Ida, A Sword Among Lions (Magill's Literary Annual 2009)
Ida B. Wells was a complex woman, and Ida, A Sword Among Lions by Paula J. Giddings is a complex book that captures the full scope of her challenging and impressive life. It spanned from the Civil War into the “nadir” years of post-Reconstruction racial segregation, through the Progressive Era and World War I, and on to the beginning of the Great Depression.
Wells was raised in the South. In the 1890’s, when her newspaper office was destroyed and she received threats upon her life because of her determined political outspokenness on racial violence issues, she went into exile in the North. She spent the majority of her adulthood working and traveling for social-justice causes. In the last three decades of her life, she was based in Chicago, where she raised her family and became deeply involved in local social welfare and community politics as well as in more sweeping national reforms.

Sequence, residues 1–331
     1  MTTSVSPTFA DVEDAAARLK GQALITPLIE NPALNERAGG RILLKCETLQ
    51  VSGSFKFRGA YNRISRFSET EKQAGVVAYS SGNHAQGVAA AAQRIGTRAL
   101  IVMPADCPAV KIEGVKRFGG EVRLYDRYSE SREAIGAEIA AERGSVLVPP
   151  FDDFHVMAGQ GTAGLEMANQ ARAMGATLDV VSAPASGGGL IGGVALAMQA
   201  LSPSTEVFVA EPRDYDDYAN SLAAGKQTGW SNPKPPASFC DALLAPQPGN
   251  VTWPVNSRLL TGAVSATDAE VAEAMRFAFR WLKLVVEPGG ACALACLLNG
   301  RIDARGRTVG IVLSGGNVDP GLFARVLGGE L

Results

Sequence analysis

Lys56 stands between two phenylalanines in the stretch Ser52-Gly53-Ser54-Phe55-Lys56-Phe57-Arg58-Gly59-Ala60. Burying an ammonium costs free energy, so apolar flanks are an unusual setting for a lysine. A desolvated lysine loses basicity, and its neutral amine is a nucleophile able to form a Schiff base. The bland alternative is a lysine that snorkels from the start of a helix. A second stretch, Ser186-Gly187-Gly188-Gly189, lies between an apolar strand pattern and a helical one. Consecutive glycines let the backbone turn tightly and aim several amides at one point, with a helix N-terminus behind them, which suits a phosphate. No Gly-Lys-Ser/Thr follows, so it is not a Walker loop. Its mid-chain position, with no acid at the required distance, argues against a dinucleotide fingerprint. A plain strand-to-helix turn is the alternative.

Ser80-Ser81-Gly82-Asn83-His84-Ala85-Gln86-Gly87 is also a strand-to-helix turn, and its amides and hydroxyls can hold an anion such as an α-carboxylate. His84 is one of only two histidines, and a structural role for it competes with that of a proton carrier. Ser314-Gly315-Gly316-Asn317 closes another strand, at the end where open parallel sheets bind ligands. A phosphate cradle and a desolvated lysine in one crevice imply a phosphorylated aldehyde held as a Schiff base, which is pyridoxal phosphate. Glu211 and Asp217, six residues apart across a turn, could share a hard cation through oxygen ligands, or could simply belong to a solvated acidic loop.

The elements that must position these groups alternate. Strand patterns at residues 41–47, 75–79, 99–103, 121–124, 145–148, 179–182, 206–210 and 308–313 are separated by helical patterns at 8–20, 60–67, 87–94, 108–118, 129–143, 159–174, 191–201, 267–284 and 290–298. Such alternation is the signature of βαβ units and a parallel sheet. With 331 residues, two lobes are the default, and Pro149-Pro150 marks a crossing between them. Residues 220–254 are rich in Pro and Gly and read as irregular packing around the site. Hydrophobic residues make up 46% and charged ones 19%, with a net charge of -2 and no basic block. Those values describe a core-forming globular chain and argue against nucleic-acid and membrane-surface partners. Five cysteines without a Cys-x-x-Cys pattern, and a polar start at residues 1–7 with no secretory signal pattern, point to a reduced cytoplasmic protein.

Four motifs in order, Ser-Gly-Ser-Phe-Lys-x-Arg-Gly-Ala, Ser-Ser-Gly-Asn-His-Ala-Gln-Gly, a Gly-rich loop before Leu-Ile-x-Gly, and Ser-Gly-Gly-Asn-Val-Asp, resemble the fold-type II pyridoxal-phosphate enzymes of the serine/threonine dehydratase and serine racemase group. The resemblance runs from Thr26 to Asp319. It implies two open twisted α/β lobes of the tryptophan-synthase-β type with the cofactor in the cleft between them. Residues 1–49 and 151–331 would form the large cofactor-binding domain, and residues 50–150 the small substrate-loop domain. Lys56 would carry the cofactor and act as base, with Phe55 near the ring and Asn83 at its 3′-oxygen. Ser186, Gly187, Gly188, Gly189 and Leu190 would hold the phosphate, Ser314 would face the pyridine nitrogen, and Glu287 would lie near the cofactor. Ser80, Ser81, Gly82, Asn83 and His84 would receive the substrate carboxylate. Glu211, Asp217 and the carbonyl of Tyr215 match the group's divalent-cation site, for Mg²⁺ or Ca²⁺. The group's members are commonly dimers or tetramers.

Wells was born in Holly Springs, Mississippi, the eldest daughter of former slaves who were ardent believers in education and work as means of uplift for African Americans. Her parents were early supporters of the Freedman’s Aid Society’s Shaw University (later Rust College), which Wells attended. Wells’s happy family life was destroyed in 1878, when a yellow fever epidemic claimed the lives of both her parents. Orphaned at age sixteen, Wells set out on her own, with varying success, to supply financial support for her younger siblings and...
(The entire section is 1734 words.)
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Bibliography (Magill's Literary Annual 2009)
Booklist 104, no. 11 (February 1, 2008): 20.
Kirkus Reviews 76, no. 2 (January 15, 2008): 74-75.
Library Journal 133, no. 3 (February 15, 2008): 112.
Ms. 18, no. 1 (Winter, 2008): 74-75.
The New York Times Book Review, May 18, 2008, p. 25.
O, The Oprah Magazine 9, no. 3 (March, 2008): 176.
The Wall Street Journal 251, no. 56 (March 8, 2008): W8.
(The entire section is 37 words.)